Feature: music/noise

Sakamoto+Tanabe

Feagufd: music/noise--21st-Century Alternatives
Opera / Internet / Noise

SAKAMOTO Ryuichi
http://www.sitesakamoto.com

Interviewer:TANABE Mitsuru

(C) 1998 Ryuichi SAKAMOTO, TANABE Mitsuru
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DIGITAL MEDIA
Musical Digit-ization and Transformation

TANABE Mitsuru (TM): One has the impression that you have a fundamental attraction to new forms of media. You were an early user of CD and DAT formats, and lately your work on the Internet has gained quite a reputation, too . . . .

SAKAMOTO Ryuichi (SR):Yes, I would agree that I am interested in new media forms, and that I'm typically an "early user." When CDs first came out, I exchanged all of my analog records for CDs. The analog tape recorder that I was using in the studio got traded in for a digital one as soon as they were available. Back when I was still in YMO [Yellow Magic Orchestra, a seminal electronic pop music band which Mr. SAKAMOTO was a founding member of], I had already switched, for the most part, to digital. Ever since—except for occasions when I have wanted a particular analog sound for some special reason—I have been using a fully digital work environment. Why have I . . . ? I don't know, I guess I just like it better. Let me try to explain.
Maybe that it's just that I like the sense of quantification in "numericizing" the parameters that I'm working in. Once things have been made digital—expressed in digits—it doesn't matter how the hardware or media changes, the data gains a semipermanent state. Analog formats are where information has been placed on a carrier, imprinted on a substance, or otherwise given a temporary stability in an object, so that as the object loses fidelity the information loses fidelity with it. I am not immune to the appeal of analog formats' crafted glass-like transience, but at the same time, I'm also fascinated by the evolution towards numerical quantification in music that has been so important since I was in my teens. Since around the beginning of this century, in fact, there has been a steady movement towards finding ways to explore the potential of "digit"-ized music. Twelve-tone scales, serial technique . . . XENAKIS and others have been in the avant-garde of this experiment. I consider it a natural path of exploration.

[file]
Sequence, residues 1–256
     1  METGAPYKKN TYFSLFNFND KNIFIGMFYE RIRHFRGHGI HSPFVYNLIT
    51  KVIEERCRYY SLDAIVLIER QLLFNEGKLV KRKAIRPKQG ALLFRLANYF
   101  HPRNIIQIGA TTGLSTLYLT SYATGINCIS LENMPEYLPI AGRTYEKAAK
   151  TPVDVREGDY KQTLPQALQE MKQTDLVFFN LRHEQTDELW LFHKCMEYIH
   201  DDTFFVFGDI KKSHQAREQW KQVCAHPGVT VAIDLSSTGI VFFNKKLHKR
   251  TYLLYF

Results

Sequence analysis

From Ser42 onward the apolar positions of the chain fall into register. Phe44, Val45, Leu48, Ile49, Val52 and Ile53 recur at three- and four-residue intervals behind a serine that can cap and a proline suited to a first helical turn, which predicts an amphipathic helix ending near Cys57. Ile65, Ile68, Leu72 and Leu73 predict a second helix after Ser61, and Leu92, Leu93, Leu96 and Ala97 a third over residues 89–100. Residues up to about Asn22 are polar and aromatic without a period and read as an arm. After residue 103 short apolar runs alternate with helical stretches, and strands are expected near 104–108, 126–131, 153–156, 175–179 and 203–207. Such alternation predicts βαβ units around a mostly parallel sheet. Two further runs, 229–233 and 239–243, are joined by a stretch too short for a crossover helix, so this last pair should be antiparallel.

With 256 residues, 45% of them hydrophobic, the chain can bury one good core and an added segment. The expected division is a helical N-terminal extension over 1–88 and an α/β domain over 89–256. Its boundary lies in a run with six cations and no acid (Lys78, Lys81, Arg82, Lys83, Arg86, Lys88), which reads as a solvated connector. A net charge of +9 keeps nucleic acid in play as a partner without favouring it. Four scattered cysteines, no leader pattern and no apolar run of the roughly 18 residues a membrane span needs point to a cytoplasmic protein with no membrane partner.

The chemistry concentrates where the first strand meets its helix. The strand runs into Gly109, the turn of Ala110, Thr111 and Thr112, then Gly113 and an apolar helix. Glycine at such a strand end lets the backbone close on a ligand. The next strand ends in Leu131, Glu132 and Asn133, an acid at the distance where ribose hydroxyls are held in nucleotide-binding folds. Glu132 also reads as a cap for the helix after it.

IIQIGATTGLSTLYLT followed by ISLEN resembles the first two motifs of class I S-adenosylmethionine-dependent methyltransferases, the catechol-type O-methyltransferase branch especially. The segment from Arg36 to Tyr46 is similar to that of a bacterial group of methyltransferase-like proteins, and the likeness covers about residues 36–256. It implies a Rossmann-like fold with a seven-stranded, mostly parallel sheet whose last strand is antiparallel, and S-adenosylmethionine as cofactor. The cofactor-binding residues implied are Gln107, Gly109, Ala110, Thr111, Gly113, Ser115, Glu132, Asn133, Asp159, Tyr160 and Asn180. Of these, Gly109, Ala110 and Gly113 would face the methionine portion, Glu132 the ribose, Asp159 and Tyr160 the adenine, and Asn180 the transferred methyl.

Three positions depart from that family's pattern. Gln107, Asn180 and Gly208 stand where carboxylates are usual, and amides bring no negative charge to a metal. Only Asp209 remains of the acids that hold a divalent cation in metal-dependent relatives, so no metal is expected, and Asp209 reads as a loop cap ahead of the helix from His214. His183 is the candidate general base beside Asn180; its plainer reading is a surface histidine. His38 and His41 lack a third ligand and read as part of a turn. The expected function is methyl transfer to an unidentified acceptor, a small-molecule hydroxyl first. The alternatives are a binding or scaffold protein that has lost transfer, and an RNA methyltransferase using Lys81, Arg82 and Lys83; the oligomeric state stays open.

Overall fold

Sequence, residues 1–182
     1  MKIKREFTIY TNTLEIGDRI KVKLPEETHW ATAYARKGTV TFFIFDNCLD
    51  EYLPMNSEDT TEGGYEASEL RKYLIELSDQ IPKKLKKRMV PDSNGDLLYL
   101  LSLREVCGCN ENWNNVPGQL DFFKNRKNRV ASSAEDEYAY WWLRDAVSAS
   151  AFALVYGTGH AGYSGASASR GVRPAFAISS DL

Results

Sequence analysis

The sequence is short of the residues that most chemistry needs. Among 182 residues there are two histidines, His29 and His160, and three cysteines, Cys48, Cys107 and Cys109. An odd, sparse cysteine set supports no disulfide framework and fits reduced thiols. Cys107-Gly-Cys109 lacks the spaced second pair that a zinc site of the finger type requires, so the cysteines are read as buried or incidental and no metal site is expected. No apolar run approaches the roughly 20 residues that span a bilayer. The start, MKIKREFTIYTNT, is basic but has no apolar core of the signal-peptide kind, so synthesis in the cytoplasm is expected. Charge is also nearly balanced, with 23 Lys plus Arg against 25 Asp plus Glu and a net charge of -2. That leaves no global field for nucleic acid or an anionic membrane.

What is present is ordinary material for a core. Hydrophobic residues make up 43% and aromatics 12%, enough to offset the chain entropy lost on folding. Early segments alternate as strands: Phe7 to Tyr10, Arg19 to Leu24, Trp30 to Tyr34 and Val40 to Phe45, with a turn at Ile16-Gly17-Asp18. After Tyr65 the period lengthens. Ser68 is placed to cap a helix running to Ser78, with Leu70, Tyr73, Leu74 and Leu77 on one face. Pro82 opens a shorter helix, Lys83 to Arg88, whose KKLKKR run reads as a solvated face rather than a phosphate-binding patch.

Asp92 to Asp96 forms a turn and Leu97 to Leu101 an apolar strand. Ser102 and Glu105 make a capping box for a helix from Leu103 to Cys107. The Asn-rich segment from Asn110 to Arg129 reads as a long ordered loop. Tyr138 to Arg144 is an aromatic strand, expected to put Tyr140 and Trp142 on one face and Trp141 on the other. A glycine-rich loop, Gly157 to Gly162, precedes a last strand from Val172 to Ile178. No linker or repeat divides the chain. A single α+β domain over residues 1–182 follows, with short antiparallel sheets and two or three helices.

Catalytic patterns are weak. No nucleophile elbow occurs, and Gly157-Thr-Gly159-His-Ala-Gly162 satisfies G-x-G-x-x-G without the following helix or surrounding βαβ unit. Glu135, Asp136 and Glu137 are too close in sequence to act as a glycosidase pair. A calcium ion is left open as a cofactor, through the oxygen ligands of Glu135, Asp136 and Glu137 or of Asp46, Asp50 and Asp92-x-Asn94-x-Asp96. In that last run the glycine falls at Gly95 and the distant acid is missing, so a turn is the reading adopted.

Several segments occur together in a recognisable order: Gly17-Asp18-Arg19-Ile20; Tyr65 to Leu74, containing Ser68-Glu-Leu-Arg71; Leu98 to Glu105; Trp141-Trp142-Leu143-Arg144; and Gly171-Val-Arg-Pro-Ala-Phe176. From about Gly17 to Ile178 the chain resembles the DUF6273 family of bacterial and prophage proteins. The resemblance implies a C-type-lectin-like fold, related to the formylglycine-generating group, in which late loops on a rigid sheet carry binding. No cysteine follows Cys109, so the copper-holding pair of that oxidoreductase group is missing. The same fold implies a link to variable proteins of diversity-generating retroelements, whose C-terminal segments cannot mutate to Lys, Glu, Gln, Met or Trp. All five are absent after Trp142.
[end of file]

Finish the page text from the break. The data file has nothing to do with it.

Music is, at its most essential, sound waves. Information riding on air. It dissipates into the environment if not acted upon. And yet, about 100 years ago, the means for objectifying it, for placing it on media and turning it plastic were invented. This was followed, in the last decade by the development of ways to "digit"-izing it, so that it is no longer plastic, yet neither does it vanish. The ability to maintain it as pure information is revolutionary, in my opinion. If you consider human civilization as something that goes back 5,000 years, the changes in music in these 100 or even 10 years really are fantastic. Plus, through this digitization, the new ease of converting or manipulating it are really fascinating. By playing with the digits, you can create sounds that hadn't existed before.

TM: Last year your collaboration with IWAI Toshio, <<Music Plays Images X Images Play Music>> provided just such an opportunity—to use sounds to trigger visual data. How do you read this work? For example, as composing music while watching its visual counterpart, or playing visual compositions, or . . . ?

SR:I often compose music to moving images. I have made several film soundtracks, or, even if the visuals are not that specific, I often have visuals in mind, whether as a landscape I recall, or by looking at pictures, or imagining purely abstract plays of light. My sessions with IWAI were such that the visuals responded instantaneously with my performance, colors and shapes and motions appearing on the display as soon as I'd played them. It was not unlike using a trackball on a computer to draw lines or circles in making a composition on the screen. It was an experience of using a piano to paint pictures.
I'd want a certain icon to appear in a certain area, or want a fluttering motion in a given area, or I'd want a similar effect to happen in a different area of the screen, etc., so I'd play the appropriate area on the piano keyboard to get the effect I wanted. I was watching the screen the whole time. It was a system that IWAI designed, and I was more or less playing with his application, as it were. It wasn't really music and it wasn't really moving image, but rather exploring the place where the two meet. A kind of media art.

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